Someday you will die... but not today!

Sunday, April 19, 2009


The other day I took a walk through the Vanier Pavilion with some friends. Very soon the building is going to undergo a major renovation and it is going to be almost completely gutted and renewed. So that means that the building has to be completely emptied of its contents. And so when I was touring the building and beginning to make a preliminary assessment of the remaining contents, I was a little shocked to see that there was still a plant left in the building.

Now this is going to be a tad dramatic but when I saw the plant from the other side of the locked door I immediately lunged for it. The door was of course locked and I ended up looking kind of foolish. Whatever, at the very least it really upped my greed cred. And then 2 days later I went back and got the plant (things tend to work better when you bring the right set of keys).

So this isn’t the first time that either myself or Brigitte has saved plants from abandonment. Vanier is the second building that is going to be revamped or demolished this year, and even though I could go on and on about what the stuff that gets left inside buildings (I will save that for another post), I want to focus on plants. I find it strange that people would abandon a plant. I mean it is a living thing and given the size of some of these plants, there was a lot of time and attention that was put into it.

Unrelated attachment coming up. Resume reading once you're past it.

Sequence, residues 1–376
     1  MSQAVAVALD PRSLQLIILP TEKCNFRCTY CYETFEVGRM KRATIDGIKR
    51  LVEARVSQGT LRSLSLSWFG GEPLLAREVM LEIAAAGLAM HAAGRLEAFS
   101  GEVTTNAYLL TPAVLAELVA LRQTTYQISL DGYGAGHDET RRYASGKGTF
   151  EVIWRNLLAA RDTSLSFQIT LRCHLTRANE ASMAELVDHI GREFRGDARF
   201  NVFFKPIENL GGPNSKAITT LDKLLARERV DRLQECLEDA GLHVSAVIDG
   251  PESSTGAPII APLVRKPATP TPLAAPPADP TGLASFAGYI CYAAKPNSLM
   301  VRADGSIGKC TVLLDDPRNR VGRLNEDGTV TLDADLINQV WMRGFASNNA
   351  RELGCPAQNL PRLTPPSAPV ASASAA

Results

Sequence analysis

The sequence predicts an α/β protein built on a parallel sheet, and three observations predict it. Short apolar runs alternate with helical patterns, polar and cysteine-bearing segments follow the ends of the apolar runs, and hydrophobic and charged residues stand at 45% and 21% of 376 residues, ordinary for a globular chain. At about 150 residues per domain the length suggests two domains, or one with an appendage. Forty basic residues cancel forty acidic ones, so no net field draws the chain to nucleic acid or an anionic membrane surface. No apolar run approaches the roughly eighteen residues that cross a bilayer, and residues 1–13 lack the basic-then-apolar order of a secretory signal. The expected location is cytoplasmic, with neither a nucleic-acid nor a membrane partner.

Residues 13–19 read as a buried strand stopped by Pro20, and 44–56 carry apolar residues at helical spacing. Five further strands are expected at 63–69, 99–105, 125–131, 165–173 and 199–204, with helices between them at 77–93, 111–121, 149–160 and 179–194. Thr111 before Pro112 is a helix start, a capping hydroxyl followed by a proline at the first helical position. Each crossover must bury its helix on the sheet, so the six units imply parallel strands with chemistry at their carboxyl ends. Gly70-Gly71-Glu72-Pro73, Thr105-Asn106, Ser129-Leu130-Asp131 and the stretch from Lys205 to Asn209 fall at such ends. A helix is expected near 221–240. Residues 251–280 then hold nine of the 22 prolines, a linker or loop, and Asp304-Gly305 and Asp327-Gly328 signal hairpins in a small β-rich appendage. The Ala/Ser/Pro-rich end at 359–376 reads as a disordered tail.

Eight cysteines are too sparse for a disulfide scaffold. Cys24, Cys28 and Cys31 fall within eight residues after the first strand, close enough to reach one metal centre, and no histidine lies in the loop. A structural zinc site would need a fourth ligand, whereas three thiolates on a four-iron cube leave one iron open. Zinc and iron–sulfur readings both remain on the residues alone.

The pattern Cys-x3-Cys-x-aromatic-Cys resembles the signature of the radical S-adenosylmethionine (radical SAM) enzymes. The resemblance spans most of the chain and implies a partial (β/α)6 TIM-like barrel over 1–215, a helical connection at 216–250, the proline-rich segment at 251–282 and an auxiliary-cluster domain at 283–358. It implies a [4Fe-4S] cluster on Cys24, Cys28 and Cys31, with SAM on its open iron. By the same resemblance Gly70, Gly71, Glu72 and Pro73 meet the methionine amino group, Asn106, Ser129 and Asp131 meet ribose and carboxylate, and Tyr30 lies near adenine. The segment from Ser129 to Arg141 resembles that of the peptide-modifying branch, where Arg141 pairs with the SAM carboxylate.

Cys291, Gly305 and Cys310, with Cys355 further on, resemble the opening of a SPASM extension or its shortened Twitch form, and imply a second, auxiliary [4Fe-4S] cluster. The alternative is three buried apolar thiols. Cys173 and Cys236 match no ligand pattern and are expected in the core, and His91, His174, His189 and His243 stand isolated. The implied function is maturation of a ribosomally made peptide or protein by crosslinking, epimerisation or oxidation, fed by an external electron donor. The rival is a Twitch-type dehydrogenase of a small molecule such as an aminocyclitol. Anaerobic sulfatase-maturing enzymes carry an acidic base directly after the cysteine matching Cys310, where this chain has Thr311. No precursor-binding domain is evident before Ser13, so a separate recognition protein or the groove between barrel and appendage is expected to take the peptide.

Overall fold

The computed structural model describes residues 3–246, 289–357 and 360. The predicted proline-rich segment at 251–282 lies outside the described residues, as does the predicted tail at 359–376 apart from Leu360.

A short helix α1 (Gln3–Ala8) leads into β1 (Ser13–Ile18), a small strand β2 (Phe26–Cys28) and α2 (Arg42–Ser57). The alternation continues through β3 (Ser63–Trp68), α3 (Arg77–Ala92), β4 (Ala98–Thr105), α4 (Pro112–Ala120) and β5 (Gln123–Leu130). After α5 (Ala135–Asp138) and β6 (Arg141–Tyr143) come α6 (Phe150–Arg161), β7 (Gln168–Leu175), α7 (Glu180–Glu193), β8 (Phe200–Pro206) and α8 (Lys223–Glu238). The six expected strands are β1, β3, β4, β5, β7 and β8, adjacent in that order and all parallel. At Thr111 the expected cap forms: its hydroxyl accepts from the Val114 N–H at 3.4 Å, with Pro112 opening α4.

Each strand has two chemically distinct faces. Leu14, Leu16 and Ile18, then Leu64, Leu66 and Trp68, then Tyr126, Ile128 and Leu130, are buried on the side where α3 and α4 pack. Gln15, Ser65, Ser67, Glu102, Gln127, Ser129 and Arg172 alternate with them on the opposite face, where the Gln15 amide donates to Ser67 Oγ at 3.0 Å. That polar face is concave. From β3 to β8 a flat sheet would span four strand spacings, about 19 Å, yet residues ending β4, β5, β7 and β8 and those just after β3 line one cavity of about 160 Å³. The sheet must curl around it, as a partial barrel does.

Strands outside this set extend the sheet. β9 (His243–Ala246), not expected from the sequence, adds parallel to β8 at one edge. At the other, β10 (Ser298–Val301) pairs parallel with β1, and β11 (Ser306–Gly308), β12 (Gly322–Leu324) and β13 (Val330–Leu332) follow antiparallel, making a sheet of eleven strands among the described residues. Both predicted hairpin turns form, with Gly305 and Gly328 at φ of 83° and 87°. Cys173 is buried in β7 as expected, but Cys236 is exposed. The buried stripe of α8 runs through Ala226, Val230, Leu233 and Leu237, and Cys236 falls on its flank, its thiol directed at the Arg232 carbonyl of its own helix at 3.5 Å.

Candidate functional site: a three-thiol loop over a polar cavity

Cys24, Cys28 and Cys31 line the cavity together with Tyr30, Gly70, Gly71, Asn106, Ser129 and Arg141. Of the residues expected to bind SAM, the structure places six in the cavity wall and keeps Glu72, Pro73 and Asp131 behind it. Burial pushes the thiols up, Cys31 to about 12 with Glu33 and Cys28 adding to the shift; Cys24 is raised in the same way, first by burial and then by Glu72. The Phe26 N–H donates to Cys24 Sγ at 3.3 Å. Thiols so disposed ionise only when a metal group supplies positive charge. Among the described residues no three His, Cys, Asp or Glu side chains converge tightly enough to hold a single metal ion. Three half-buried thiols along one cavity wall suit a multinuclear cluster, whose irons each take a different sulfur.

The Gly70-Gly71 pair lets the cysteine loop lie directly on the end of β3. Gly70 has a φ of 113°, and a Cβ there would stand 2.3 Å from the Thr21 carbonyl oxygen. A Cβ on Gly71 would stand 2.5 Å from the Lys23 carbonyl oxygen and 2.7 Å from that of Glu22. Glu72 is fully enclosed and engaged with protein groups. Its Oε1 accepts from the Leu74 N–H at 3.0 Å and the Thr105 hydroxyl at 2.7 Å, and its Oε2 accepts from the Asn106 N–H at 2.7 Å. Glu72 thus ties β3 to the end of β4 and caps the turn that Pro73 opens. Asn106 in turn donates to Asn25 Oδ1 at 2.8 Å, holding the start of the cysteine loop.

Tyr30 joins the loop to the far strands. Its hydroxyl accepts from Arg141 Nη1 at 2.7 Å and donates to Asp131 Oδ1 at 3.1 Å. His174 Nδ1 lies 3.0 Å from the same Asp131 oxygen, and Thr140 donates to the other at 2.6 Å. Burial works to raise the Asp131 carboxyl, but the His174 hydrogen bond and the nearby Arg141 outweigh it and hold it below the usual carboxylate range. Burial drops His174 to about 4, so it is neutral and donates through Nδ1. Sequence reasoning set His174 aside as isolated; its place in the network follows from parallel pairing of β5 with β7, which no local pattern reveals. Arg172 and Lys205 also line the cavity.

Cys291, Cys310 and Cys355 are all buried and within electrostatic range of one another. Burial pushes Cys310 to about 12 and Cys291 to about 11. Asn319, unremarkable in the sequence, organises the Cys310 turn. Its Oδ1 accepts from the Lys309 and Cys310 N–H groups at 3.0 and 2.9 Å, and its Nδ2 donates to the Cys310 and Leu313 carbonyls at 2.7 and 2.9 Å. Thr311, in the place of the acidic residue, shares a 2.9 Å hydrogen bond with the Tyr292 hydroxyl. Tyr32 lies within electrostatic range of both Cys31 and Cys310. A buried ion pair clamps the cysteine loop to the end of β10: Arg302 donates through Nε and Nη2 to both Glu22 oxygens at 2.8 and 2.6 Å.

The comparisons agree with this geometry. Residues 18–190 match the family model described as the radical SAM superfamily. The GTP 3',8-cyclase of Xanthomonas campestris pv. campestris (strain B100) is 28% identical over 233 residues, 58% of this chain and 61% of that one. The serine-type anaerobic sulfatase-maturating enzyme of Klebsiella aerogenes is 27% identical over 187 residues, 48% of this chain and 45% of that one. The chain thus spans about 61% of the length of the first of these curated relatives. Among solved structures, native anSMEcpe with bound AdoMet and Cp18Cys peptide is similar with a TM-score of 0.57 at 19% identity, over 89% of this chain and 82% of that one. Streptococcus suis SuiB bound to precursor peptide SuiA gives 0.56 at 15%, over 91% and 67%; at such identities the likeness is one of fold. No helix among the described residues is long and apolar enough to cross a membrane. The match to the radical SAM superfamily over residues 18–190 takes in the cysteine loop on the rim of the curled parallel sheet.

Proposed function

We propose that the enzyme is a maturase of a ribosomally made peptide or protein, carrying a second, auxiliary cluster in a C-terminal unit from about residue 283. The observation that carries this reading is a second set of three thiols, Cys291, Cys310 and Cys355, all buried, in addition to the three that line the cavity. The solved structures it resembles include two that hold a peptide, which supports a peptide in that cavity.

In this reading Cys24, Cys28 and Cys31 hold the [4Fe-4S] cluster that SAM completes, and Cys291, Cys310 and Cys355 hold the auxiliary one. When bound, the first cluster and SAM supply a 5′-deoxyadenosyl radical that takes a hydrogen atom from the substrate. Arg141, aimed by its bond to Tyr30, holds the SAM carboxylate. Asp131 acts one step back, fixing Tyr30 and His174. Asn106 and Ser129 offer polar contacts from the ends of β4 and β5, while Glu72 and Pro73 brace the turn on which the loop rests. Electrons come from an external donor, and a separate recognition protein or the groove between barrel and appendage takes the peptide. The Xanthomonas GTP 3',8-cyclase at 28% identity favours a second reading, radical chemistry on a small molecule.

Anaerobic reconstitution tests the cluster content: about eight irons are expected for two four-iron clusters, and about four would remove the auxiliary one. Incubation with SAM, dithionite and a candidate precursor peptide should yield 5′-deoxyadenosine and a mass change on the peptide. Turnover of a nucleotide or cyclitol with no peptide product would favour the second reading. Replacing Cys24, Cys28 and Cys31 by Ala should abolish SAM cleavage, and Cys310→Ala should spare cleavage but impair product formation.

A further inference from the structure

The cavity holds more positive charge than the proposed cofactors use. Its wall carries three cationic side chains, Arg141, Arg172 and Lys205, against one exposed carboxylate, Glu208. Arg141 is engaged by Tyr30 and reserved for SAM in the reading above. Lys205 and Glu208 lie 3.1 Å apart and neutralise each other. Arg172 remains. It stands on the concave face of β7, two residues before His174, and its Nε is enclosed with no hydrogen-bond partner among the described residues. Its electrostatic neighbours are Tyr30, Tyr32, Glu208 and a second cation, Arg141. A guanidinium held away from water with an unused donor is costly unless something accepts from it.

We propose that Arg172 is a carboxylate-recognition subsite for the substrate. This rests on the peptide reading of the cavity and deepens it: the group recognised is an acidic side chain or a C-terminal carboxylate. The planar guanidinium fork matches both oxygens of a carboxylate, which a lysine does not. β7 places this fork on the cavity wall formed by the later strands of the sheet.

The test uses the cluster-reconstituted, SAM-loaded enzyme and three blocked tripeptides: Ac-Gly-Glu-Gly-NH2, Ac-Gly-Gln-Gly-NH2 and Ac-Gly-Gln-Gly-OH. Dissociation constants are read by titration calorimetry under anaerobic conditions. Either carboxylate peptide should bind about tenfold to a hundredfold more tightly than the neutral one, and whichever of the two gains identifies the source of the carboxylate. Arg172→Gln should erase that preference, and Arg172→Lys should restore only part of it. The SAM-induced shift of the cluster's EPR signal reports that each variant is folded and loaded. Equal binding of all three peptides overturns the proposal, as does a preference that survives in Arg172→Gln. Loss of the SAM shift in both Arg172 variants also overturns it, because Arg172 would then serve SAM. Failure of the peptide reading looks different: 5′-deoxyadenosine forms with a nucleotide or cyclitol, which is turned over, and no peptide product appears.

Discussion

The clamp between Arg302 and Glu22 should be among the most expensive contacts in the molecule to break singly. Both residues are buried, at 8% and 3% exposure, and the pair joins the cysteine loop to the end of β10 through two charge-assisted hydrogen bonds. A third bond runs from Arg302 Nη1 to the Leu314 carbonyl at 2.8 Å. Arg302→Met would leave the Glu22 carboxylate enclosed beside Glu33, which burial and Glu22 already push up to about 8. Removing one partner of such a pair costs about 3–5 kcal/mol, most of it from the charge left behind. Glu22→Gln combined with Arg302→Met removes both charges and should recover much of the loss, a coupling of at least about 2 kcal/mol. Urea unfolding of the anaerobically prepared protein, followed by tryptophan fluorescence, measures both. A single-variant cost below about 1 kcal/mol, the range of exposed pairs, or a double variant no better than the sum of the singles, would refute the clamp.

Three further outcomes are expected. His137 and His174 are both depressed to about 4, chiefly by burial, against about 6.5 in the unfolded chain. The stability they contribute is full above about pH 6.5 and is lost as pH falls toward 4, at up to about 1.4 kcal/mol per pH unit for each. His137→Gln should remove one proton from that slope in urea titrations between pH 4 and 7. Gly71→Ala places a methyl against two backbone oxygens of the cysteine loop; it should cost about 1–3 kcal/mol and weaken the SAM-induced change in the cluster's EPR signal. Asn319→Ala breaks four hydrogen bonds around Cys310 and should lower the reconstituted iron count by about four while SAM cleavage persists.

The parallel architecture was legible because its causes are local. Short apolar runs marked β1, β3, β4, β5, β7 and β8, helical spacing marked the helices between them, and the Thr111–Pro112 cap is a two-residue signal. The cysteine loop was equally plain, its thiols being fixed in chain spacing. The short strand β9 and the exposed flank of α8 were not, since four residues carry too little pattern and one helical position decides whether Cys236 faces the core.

So why am I all worked up about these plants? Well I have been playing around with the idea of flooding the campus with more indoor plants for a couple of years now. I mean there are a lot of reasons why we should all have more indoor plants. They improve air quality, they improve moral, they are aesthetically pleasing, and they help us to reconnect (albeit in a small way) to the natural world for which we are so lacking. But mostly for me, I just think they look really cool.

An appropriate metric would be the number of indoor plants per employee. I think fixing a number of three to five plants per employee would be ideal. Having a program in place to give new employees some plants would be a nice idea. There are of course logistical problems but I think that the benefits outweigh the costs. The plants could be used as a means to make the office space more personal. When employees go on vacation they will have to depend on their office mates to take care of their plants, creating a stronger sense of community.

Other plants saved in the past month >>

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